On July 2, after Dee Gordon had broken his thumb, Cruz was called up to the Dodgers. Cruz started off slowly at first, collecting seven hits in his first ten games, but after that, he hit safely in 13 of his next 14 games. All total Cruz posted a slash line of .297/.322/.431, with six home runs, 40 RBI in 296 plate appearances. Cruz played in 78 games last season, splitting time between second base, shortstop, and third base. 51 of those games were at shortstop. Cruz played all over the infield for the Dodgers.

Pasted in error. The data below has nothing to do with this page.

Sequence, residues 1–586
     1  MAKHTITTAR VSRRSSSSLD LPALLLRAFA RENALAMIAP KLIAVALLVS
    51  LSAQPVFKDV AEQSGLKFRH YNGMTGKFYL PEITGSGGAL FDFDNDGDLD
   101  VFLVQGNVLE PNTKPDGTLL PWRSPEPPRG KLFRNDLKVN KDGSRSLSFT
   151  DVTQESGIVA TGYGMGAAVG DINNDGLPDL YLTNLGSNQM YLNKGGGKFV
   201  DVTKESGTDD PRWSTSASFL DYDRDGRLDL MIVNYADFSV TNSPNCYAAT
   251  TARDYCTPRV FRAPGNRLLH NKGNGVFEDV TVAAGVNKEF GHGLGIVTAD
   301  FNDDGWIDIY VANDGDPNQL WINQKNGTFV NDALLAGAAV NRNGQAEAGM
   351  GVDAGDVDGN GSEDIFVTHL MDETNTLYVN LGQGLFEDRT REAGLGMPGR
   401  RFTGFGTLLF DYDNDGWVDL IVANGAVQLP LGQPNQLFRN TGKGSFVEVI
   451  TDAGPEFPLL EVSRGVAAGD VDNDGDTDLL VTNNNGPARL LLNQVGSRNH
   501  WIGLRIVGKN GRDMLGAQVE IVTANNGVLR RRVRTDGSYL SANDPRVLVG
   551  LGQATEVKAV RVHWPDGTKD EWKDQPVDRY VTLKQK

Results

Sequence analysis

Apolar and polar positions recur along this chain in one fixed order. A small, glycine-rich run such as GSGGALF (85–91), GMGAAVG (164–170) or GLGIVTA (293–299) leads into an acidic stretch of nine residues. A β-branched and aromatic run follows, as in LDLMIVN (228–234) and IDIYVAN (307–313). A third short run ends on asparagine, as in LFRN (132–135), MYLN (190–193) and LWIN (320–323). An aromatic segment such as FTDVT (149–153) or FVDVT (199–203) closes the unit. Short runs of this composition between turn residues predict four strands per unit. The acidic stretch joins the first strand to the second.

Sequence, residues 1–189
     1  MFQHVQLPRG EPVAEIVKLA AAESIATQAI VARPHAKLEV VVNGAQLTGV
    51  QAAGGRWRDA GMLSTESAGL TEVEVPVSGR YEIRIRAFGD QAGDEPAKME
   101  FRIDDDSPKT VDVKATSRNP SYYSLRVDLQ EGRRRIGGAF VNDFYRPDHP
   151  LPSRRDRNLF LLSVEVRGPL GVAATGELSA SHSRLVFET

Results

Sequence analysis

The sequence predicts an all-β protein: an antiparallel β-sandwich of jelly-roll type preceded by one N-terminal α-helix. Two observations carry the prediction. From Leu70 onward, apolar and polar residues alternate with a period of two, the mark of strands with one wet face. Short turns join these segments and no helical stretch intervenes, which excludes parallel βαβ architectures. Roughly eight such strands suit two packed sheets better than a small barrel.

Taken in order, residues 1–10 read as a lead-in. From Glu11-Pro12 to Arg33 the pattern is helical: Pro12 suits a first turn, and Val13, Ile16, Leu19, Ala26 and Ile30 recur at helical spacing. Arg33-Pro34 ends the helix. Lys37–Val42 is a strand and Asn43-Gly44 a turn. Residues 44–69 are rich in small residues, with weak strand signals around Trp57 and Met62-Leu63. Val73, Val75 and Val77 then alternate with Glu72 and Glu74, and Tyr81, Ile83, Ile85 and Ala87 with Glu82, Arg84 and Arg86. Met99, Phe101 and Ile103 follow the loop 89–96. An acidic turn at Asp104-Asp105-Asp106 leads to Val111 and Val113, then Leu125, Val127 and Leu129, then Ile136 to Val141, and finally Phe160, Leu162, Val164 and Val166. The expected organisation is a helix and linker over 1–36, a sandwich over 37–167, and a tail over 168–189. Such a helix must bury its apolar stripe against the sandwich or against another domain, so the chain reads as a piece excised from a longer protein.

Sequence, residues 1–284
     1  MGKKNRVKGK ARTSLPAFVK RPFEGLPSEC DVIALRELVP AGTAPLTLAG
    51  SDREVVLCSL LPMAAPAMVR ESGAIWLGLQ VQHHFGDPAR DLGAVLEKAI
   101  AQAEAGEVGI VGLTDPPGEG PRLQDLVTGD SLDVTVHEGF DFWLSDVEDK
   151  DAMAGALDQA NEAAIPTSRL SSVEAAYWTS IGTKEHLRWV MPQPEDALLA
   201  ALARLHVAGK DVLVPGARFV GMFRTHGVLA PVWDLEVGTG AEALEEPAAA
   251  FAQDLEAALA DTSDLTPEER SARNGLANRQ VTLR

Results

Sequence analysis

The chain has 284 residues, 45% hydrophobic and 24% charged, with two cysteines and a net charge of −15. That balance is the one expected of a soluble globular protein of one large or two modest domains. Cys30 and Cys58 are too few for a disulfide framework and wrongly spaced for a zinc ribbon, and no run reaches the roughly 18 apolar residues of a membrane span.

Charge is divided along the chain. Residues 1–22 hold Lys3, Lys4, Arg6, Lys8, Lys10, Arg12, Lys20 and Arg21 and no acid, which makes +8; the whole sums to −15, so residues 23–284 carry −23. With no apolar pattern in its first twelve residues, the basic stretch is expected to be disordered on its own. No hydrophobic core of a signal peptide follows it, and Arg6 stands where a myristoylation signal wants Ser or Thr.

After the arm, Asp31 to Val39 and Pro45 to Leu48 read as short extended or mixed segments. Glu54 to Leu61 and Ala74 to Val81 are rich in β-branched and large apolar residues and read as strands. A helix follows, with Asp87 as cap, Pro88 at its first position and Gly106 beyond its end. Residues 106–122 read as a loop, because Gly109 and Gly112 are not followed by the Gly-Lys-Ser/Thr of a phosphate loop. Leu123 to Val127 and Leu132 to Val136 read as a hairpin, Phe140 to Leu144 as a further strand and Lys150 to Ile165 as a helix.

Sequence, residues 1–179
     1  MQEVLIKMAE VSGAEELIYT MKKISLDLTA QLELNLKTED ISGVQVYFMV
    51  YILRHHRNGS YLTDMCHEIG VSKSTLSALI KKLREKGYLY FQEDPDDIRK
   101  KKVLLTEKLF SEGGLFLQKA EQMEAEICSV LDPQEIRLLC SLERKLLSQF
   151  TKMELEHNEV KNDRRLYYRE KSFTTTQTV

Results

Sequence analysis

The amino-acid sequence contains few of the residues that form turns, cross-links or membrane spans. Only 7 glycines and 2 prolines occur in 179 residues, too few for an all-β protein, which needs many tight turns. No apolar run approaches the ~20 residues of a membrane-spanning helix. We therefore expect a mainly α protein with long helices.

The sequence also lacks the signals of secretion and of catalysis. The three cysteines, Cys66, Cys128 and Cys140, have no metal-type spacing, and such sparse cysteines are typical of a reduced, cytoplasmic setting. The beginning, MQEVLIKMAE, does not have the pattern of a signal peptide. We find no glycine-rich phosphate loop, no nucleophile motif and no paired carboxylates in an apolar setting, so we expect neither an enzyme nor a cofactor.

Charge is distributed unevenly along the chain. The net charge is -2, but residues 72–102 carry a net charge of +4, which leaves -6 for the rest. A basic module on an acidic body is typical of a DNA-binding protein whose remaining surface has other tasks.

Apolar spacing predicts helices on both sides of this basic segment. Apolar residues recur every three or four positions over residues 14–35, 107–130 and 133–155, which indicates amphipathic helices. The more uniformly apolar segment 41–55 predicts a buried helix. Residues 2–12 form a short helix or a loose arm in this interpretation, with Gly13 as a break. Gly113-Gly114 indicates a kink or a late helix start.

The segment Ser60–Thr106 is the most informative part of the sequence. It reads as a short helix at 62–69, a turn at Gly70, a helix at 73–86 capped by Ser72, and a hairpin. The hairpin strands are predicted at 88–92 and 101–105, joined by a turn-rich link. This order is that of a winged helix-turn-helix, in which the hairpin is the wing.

Cruz had no trouble hitting against lefties, as he posted a .302 average (26 for 86) against southpaws. The rest of his splits were just as good. Cruz batted .331 on the road, and hit .325 while driving in 32 runs with runners in scoring position. Cruz hit an even .300 in the month of September.Cochito-Photo Courtesy of Zmbio.com
It wasn’t just his clutch hitting. He also played solid defense. Cruz only committed two errors at the hot corner, and posted a +6 total runs above average at third base. Not bad at all. He only made four errors with the Dodgers the entire season. In my opinion, the least amount of errors a player makes, the better defensively he is.
Cruz quickly became a fan favorite, as Dodger fans chants of “Cruuuuuuuuuuuuuz” reminded me of the chants nearly 15 years earlier of “RauuuuuuuuuuuuL” for then Dominican outfielder Raul Mondesi.